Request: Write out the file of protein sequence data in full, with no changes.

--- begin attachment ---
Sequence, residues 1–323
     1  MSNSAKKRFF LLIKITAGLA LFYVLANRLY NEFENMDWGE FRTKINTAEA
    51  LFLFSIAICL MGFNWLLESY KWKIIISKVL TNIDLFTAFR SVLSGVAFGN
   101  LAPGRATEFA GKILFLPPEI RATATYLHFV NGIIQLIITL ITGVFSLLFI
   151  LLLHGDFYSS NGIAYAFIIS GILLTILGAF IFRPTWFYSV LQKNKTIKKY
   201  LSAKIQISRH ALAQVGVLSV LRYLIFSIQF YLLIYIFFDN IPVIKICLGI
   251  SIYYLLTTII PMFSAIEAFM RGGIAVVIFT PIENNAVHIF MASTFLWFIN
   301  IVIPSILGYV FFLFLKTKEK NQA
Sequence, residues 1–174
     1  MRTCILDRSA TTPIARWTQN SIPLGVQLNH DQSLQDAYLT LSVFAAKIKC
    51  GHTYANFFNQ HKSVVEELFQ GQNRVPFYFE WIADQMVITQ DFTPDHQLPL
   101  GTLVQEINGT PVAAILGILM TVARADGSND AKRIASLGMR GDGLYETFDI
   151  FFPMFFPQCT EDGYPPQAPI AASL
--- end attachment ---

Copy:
Sequence, residues 1–323
     1  MSNSAKKRFF LLIKITAGLA LFYVLANRLY NEFENMDWGE FRTKINTAEA
    51  LFLFSIAICL MGFNWLLESY KWKIIISKVL TNIDLFTAFR SVLSGVAFGN
   101  LAPGRATEFA GKILFLPPEI RATATYLHFV NGIIQLIITL ITGVFSLLFI
   151  LLLHGDFYSS NGIAYAFIIS GILLTILGAF IFRPTWFYSV LQKNKTIKKY
   201  LSAKIQISRH ALAQVGVLSV LRYLIFSIQF YLLIYIFFDN IPVIKICLGI
   251  SIYYLLTTII PMFSAIEAFM RGGIAVVIFT PIENNAVHIF MASTFLWFIN
   301  IVIPSILGYV FFLFLKTKEK NQA
Sequence, residues 1–174
     1  MRTCILDRSA TTPIARWTQN SIPLGVQLNH DQSLQDAYLT LSVFAAKIKC
    51  GHTYANFFNQ HKSVVEELFQ GQNRVPFYFE WIADQMVITQ DFTPDHQLPL
   101  GTLVQEINGT PVAAILGILM TVARADGSND AKRIASLGMR GDGLYETFDI
   151  FFPMFFPQCT EDGYPPQAPI AASL